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Domestic Abuse Bill: much more action needed


Home Affairs Committee, report, domestic abuse bill, violence against women and girls, universal credit, refuges, immigration control, reportReport says government should take a wider range of actions to tackle domestic abuse and violence against women and girls.

On 17 February 2017 the Prime Minister announced a programme of work leading towards the introduction of a Domestic Abuse Bill.

In the Queen’s Speech in June 2017, the government subsequently committed to bring forward a draft bill that proposes to: enshrine a definition of domestic abuse in law; introduce a new protection order to better protect victims from their abusers; recognise the harm domestic abuse inflicts on a child; create a Domestic Abuse Commissioner; and demonstrate commitment to ratifying the Istanbul Convention by extending extraterritorial jurisdiction over Violence against Women and Girls-related offences.

And in March 2018, the government published a consultation paper setting out its proposed strategy for responding to domestic abuse.

The Home Affairs Committee then held an inquiry aiming to help inform the government’s draft bill which the Committee expected would be published this autumn.

In order to meet the anticipated timetable for the draft bill, the Committee took only a small amount of oral evidence, and has focused its ensuing report on specific issues which were highlighted extensively in both the oral and written evidence it received.

So the report is organised according to the themes in the government’s consultation paper, but has not attempted to respond to every issue raised in that paper.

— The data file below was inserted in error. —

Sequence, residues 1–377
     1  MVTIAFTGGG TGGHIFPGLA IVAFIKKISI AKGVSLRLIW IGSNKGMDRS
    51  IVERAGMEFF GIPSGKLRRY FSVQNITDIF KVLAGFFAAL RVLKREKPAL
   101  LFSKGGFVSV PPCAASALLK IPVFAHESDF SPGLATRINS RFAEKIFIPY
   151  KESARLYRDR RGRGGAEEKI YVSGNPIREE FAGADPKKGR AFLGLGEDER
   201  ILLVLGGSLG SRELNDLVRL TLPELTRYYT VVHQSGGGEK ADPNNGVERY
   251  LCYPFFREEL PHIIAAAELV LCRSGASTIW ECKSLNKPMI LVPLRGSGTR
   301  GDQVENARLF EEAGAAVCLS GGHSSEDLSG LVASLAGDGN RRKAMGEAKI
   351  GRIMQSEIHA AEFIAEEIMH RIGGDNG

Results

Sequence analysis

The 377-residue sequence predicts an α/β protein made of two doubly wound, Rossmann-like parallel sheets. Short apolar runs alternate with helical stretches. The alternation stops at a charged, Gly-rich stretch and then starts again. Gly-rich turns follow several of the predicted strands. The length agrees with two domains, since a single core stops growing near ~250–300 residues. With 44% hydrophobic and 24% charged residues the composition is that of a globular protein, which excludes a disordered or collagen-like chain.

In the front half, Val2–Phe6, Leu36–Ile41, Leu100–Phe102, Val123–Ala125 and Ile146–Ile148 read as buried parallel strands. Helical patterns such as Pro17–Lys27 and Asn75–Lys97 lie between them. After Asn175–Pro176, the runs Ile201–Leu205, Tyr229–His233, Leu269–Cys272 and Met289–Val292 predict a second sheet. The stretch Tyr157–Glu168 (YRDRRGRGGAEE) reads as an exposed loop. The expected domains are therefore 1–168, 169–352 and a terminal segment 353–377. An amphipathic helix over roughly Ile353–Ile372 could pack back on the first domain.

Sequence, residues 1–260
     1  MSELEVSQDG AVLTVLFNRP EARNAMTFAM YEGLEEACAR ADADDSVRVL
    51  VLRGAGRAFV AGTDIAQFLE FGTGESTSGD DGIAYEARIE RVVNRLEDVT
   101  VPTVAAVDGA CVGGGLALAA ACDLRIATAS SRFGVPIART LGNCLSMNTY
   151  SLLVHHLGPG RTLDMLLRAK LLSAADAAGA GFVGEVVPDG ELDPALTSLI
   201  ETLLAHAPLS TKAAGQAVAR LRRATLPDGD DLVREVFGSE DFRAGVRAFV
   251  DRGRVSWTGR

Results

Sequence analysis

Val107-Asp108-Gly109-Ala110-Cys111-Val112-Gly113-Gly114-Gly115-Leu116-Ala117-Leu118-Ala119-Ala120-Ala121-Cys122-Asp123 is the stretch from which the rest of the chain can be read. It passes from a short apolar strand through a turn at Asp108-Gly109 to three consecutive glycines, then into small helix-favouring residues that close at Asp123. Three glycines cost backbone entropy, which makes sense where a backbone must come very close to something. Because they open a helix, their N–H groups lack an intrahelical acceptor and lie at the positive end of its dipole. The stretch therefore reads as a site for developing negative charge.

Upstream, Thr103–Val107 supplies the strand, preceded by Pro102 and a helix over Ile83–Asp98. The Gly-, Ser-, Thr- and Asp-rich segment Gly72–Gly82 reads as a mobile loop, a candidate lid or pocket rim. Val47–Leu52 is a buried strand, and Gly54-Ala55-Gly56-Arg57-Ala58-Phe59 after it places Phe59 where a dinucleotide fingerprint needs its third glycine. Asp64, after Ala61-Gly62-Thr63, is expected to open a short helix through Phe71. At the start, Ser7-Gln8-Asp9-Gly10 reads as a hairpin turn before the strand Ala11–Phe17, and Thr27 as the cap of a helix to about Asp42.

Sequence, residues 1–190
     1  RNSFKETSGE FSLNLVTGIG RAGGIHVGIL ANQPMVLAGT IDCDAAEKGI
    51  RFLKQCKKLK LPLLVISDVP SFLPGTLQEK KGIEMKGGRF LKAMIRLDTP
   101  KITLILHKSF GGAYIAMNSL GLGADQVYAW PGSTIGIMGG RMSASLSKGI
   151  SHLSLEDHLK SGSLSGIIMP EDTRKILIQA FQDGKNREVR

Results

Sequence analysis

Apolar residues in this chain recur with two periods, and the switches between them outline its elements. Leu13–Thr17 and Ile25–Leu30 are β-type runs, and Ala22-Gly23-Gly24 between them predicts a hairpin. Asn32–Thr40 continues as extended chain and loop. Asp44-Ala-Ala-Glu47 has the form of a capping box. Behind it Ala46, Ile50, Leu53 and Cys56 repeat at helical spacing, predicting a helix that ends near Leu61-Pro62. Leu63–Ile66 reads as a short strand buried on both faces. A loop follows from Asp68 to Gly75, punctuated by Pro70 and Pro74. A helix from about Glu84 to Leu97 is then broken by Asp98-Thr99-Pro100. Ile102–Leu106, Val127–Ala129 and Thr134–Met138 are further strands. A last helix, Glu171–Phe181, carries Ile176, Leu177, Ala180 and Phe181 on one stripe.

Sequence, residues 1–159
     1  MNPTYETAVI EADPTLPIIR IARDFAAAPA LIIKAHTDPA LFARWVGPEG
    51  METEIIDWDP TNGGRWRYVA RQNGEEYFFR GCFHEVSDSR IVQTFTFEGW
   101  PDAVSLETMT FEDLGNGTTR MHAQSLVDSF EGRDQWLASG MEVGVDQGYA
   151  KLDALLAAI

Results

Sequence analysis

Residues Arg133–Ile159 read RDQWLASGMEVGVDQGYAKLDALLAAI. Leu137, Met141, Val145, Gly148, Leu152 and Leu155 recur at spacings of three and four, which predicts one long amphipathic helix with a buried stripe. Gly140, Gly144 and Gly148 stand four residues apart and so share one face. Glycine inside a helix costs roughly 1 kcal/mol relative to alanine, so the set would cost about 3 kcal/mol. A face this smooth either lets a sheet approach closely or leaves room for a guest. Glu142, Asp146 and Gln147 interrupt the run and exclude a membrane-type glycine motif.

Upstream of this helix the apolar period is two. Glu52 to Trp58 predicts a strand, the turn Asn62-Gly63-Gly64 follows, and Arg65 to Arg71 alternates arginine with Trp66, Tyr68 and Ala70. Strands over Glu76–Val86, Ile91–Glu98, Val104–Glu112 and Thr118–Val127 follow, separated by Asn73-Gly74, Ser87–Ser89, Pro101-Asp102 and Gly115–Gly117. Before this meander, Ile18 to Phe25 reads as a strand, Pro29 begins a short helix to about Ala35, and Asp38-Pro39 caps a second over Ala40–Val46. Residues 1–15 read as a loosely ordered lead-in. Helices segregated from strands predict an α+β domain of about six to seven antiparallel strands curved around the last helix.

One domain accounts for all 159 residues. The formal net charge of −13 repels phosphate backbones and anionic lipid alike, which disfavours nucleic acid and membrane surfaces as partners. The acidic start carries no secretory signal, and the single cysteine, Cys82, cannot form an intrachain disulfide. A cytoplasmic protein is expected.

In the report, published earlier this week, the Committee urges the government to widen its bill to be a Violence against Women and Girls and Domestic Abuse Bill and that national refuge funding, a new stalkers register, and an end to single Universal Credit Payments should be included.

The report has identified persistent problems with the lack of refuges and advice support for victims, weaknesses in the police and court responses and inadequate action to prevent abuse of all kinds.

And it calls for stronger action.

Unpredictable and short-term funding streams have led to a serious lack of bed-space in safe accommodation for victims of domestic abuse; according to Women’s Aid, for example, 60 per cent of referrals to their refuges are refused due to lack of bed spaces.

It is not acceptable for women fleeing violence and other forms of abuse to be turned away from safety.

In the short term, funding must be provided to fill the gap that means that 90 women and 94 children are turned away from refuges every day.

The government needs to review current funding levels, and develop a sustainable model that ensures the level of provision meets demand.

This should be backed up by legislation that places a statutory obligation on local authorities to provide emergency refuge places.

And the Committee welcomed the government’s plans to include economic abuse in the statutory definition of domestic abuse; economic abuse is associated with an increased risk of homicide as it removes the financial means for a victim to leave an abusive partner.

But the Committee concluded that some of the government’s welfare reforms were making it even more difficult for women to leave their abusers or to establish financial independence and avoid economic abuse.